After yesterday’s first round in the French election the EU is breathing a sigh of relief. The dreaded result of the two anti-EU candidates, Front Nationale’s Marine Le Pen and Communist Jean-Luc Melenchon advancing to the May 7th run-off election did not come to pass.
Centrist empty-suit Emmanuel Macron took first place ahead of Le Pen by a couple of points, while Melenchon came in a close fourth to Conservative Francois Fillon. For once, the pre-election opinion polls were accurate. They had the final result pretty well nailed down to within a point for all four major candidates
Will wonders never cease?
Because, if you remember the results for the last three major elections in which the powers-that-be were wary of the opinion polls were off by multiple sigmas. Financial markets woke up the next day stunned.
The media had to scramble to retain narrative consistency. Cognitive dissonance ruled the day.
In 2015, in the run up to the British Parliamentary elections we were bombarded with the prospect of a ‘hung’ parliament. Massive over-sampling by pollsters of Labor and Liberal Democrats did not accurately capture the mood of the country and the Tories walked away with an outright majority of seats.
We know what happened last June with Brexit. Donald Trump’s victory was cast as a 98% to 2% long shot on the eve of the election, even though I knew that those numbers were a complete lie.
The shock was so overwhelming for most people that in their minds there had to be some nefarious external force – THE RUSSIANS! – which affected the outcome. The Left still cannot accept that they lost the war of ideas.
But, yesterday, in France, the numbers held up. So what does that ultimately mean?
Macron has the support of the establishment. The EU leadership was falling all over themselves stumping for him the moment the first reliable data was released. They understand the threat that Le Pen’s support represents.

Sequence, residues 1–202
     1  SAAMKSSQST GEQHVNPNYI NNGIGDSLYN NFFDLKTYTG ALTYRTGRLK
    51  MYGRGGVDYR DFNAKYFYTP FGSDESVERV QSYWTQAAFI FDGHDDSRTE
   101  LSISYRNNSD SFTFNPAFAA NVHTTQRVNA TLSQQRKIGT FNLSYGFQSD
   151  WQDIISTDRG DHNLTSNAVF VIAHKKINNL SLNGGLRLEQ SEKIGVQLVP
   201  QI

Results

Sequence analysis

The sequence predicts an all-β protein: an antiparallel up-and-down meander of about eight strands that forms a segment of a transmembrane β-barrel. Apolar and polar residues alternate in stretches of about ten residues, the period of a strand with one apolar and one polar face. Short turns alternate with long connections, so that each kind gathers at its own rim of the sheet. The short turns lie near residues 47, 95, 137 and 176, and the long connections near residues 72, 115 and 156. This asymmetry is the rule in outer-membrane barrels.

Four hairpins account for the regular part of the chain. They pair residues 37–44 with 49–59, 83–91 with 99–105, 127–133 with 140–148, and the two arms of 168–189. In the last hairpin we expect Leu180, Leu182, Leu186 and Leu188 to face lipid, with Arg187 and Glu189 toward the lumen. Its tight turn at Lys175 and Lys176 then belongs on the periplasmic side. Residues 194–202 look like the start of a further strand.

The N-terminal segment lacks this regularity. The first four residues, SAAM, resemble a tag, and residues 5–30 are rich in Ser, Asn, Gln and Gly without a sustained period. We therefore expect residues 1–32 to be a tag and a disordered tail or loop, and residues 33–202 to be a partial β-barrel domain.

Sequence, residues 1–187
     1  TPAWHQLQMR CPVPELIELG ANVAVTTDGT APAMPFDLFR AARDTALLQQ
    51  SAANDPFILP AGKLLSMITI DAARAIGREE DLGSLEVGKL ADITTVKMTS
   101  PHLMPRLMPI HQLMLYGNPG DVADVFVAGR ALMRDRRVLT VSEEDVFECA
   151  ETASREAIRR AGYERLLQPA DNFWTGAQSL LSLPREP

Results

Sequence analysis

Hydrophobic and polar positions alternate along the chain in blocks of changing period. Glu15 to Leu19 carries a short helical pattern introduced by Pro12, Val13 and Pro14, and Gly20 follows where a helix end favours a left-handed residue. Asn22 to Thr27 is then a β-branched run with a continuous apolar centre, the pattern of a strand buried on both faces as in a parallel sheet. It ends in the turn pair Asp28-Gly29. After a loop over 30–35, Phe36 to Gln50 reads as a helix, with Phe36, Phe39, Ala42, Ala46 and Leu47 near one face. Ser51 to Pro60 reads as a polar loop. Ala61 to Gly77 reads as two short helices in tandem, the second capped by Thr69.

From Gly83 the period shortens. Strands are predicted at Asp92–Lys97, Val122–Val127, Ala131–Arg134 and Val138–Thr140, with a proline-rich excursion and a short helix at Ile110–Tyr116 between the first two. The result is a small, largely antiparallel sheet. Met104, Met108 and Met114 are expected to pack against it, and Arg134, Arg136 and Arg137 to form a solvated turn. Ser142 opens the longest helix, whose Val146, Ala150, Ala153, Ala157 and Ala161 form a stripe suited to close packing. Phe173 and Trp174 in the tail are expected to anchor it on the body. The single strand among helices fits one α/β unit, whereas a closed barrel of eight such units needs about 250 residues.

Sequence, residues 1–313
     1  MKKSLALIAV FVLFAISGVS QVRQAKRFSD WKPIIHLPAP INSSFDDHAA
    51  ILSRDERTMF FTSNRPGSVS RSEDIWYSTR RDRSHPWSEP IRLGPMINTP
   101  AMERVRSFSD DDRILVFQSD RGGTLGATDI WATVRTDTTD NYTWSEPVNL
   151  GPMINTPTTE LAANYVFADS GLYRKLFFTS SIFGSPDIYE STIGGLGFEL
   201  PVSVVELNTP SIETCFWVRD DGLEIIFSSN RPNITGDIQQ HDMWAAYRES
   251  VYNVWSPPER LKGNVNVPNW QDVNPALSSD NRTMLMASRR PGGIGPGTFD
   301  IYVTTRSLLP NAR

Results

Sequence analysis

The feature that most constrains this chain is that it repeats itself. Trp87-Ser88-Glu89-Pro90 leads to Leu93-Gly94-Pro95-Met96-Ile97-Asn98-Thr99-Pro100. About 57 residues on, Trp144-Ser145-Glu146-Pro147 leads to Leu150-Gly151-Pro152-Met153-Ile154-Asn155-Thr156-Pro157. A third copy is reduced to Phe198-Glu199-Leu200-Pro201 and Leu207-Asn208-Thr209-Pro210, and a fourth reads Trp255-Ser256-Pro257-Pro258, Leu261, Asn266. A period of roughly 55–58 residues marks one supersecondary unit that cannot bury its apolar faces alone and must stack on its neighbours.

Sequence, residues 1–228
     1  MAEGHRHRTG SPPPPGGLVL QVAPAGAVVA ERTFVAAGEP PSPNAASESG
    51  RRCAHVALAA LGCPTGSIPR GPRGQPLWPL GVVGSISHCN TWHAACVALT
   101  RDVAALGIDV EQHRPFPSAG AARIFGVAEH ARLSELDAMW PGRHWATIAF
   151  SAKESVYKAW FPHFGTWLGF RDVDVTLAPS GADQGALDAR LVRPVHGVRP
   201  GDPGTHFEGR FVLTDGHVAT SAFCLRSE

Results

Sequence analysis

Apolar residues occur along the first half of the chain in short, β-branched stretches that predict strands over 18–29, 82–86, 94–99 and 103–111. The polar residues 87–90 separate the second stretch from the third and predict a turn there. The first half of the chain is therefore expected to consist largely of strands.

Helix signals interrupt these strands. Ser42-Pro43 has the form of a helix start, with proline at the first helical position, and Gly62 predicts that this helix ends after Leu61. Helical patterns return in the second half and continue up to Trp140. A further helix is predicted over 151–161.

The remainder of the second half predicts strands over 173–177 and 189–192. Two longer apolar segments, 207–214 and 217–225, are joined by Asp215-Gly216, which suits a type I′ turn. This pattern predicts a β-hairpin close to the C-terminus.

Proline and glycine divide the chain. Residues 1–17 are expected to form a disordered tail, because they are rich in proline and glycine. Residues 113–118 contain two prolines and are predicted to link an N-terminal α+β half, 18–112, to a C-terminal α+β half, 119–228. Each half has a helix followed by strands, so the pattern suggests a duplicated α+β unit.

Now, conventional wisdom has it that the other parties will rally around Macron to shut out Le Pen. Because that is what has always happened in the past. But, like the pollsters who used statistical models (*cough* Nate Silver *cough*) of past elections to wrongly predict Hillary was a 49 to 1 favorite over Trump, looking backwards cannot necessarily capture the present without taking into consideration every variable.
And, guess what? The variables involved are simply unknowable.
The France of today is not the France of 2002 when Jacques Chirac pasted Marine Le Pen’s father with 82% of the run-off vote. The France of today is not the same France that elected Socialist Francois Hollande. He’s leaving office with a 4% approval rating.
That’s worse than Congress and the Media. Merde!
The big questions are how strong Macron’s support is and can he make the case to Conservatives that backed Fillon? Macron is not substantially different than Hollande. He is an empty-suit Europhile who is offering to tinker with what is wrong without engaging in the kind of wholesale reform that is needed to remake France.
His 24% he earned yesterday may be closer to his ceiling than anyone in Brussels is willing to admit.
Le Pen, on the other hand, is talking about those things. Her support is surging. The crowds she speaks to are loud, passionate and growing. This is a true populist uprising of the type that rolled the dice on Donald Trump and Brexit despite the unknowns.
The headlines are playing out in her favor every day. The rise of Melenchon to 19%, mostly at the expense of the Socialist Benoit Hamon, also dovetails with Melenchon’s positioning himself even farther than Le Pen to take France out of the EU.
That’s 40% of the run-off vote right there committed to the radical position of the day, Frexit, versus 20%. It’s not hard to believe that half of Fillon’s supporters would choose her over Macron on issues that pertain to normalizing relations with Russia, recognizing Crimea as Russian and an overhaul of domestic policy that puts French people first and the EU second.
Remember, it’s not like Hollande’s punitive taxes and foreign adventurism are well-liked.
4% support. F-O-U-R.
And this is what has the leadership of the EU in a real panic. Today they breathe a sigh of relief that there is still a good chance that Macron can save their political skins in two weeks.
But, the trends are not in their favor. For even if Le Pen is not the one to take back French sovereignty from the EU the stage is set for the next election or political crisis.
Simply put, these people are tone-deaf to the realities of the day, still believing, like Democrats in the U.S., that it isn’t them voters don’t like it’s that people don’t make good choices. This is the essence of Progressivism as an ideology, distrust in the common rubes to make the right choices for society.
A Le Pen loss in two weeks will look to them as having dodged a bullet and allow them the opportunity to continue with their ruinous social engineering plans. Between this and Mark Rutte’s win in the Netherlands over Geert Wilders they will believe they can go on, business as usual, fiddling while Europe burns.
And that’s what should scare them the most.